It’s always good to chunk a marathon up into smaller pieces and, with Boston, you almost have to because of how the course plays out. This was my first Boston, but I had run the first 21 miles of the course with the Boston Buddies HOP21 run three weeks prior. I’ve also talked to lots of people and watched a number of course videos so I knew a lot about the course before we started. In any case, at about the four mile mark, the course flattens out and it’s small rolling hills until mile 16. I knew that the Retiree would be waiting with my parents at mile 7. After the last downhill, just three more miles.

I wasn’t feeling brilliant here. It was already getting warm and it was pretty humid. This training cycle has been all about belief in myself, learning to believe that I have become a faster runner and a better runner, almost willing myself to believe that. And yet,maybe conditions were telling me to adjust. People will tell you that you “should” feel good during the early miles of the marathon, but I think that’s a relative term. “Try to feel less shitty than you will later” is more accurate advice. How soon it’s appropriate to feel what level of shitty is going to depend a lot on the experience and ability of the runner and the course and the conditions of the day. Why I am in love with an activity that can be even semi-accurately described by that sentence is a great mystery, but there you have it.

I remembered the B.A.A. course video, where Ryan Hall says something like, “The 10K mark is where you should assess how things are going and if you are not doing great, you might need to dial it back.” Thanks for the advice, Ryan! HPRM #1 had told me about how the year he ran Boston, he reached up to scratch his head in the second mile or so and discovered he was already sweating and decided to slow down. If Ryan Hall and HPRM #1 are both saying you might need to adjust, and Coach Mick said, “bank energy not time,” I was going to play it smart. By 10K, I was starting to think I should be looking for 8:40-8:45 on my watch, not 8:35. I couldn’t really remember what that pace would pan out to be in terms of a final time, but I thought still under 3:50 and, in any case, still a BQ.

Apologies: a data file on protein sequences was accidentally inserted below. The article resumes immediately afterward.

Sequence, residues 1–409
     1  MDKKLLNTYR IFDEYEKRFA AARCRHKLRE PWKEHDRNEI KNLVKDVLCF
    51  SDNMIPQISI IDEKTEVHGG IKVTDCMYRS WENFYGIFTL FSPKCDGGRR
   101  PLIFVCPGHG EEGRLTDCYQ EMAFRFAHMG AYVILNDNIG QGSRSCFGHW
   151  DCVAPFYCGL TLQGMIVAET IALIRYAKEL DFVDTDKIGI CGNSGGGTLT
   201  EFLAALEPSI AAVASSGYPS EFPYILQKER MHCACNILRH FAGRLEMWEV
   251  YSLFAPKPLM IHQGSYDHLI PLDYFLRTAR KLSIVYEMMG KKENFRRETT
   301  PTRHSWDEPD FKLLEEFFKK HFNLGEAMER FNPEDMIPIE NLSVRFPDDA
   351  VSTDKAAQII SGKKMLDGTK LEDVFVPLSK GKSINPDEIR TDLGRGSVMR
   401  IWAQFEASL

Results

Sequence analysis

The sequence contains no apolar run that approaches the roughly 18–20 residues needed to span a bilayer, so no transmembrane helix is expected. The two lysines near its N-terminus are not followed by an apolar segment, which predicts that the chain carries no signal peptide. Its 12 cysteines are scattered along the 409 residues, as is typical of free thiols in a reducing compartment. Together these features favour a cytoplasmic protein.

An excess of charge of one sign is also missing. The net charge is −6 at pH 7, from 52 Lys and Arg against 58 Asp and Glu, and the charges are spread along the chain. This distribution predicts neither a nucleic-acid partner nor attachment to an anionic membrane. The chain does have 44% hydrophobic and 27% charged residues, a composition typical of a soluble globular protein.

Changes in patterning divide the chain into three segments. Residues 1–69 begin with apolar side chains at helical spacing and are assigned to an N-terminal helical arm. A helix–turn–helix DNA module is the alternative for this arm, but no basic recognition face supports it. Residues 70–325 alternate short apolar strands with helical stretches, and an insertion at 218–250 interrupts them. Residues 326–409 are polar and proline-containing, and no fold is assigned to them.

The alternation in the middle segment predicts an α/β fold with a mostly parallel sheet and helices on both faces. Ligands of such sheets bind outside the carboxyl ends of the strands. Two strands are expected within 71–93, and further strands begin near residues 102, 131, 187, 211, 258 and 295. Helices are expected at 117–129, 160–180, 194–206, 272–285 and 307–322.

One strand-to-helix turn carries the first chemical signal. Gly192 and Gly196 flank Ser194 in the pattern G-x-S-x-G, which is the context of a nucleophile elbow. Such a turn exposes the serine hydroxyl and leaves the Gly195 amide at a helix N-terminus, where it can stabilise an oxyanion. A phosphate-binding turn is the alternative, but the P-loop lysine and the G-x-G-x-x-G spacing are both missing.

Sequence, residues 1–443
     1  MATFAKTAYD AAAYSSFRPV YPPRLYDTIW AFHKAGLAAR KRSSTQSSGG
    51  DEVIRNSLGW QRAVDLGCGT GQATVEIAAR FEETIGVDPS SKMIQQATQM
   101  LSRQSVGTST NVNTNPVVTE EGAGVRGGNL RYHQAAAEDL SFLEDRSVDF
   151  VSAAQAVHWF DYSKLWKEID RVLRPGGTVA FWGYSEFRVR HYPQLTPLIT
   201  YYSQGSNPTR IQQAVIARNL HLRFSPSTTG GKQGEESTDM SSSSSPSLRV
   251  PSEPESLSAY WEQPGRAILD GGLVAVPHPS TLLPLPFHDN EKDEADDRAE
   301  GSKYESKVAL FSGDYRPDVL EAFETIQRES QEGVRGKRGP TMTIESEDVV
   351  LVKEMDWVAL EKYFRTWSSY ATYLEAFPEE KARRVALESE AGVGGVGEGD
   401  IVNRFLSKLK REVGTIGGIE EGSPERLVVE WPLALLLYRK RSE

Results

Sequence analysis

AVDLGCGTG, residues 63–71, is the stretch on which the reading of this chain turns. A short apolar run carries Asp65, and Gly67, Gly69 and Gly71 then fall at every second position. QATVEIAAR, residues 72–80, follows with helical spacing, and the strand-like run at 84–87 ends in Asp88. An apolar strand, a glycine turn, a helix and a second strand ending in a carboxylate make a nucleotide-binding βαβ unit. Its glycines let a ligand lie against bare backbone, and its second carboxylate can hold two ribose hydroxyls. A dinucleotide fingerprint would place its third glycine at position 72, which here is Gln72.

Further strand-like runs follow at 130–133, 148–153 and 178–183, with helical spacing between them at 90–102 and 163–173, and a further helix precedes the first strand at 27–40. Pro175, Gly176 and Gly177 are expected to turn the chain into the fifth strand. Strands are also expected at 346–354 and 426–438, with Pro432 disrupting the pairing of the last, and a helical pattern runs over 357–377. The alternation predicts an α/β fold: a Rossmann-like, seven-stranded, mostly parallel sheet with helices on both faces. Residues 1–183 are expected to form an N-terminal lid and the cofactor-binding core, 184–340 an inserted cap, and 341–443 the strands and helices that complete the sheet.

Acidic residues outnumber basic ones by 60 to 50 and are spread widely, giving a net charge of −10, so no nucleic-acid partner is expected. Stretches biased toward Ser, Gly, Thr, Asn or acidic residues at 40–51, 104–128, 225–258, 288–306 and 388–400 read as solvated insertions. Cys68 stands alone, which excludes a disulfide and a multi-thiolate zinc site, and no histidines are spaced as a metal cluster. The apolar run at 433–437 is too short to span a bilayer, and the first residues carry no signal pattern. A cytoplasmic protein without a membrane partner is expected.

I was so happy to see my first batch of cheering friends right where they said they’d be at 7 miles. Awesome! I’m not going to pretend to be shy here, I LOVE having people cheer for me! It gives me so much energy and makes me feel great! I wish there were a word to mean in-this-together because it makes me feel that: that’s my team out there!

But a couple of important people were missing from the cheer squad: my parents. They drove all the way from Michigan to watch me run this race and I had thought they would be with this group. I spun back around and yelled “Where are my parents??!!” The Retiree shouted back, “Two miles up!” The first thing I thought was, “crap, I have to run two more miles?” Which gives some serious insight into how I was feeling at mile 7, with nineteen more miles to go. But making a habit of positive thinking is nothing to be sneezed at because my brain immediately switched tracks to: “Oh, this is much better. That’s another target to aim for and then you’ll already be at mile 9.”

I was taking the Maurten right on schedule and trying to keep our pace around 8:40. Diamond and I were working well as a team. I was often a few steps in front, setting the pace, which makes me more comfortable. She kept a look out for potholes or train tracks or big dogs to see. We really didn’t talk, but when you have that special runner companionship of sharing steps on the road, you don’t need to. This is hard to describe and I don’t fall into it with many people, especially not people I don’t know well, but Diamond and I hit that shared-stride feeling instantly. Fate or God’s will brought us together, I am sure of it.

Soon we started getting close to mile 9 and I heard, “Sarah!!” There were my parents! I had thought I would give them a high five or a quick hug, but instead I saw my mom and just ran over and gave her a huge kiss! Sometimes, you’re just really, really happy to see your mom. I was so delighted that they made it out to the course! No one could ask for better support!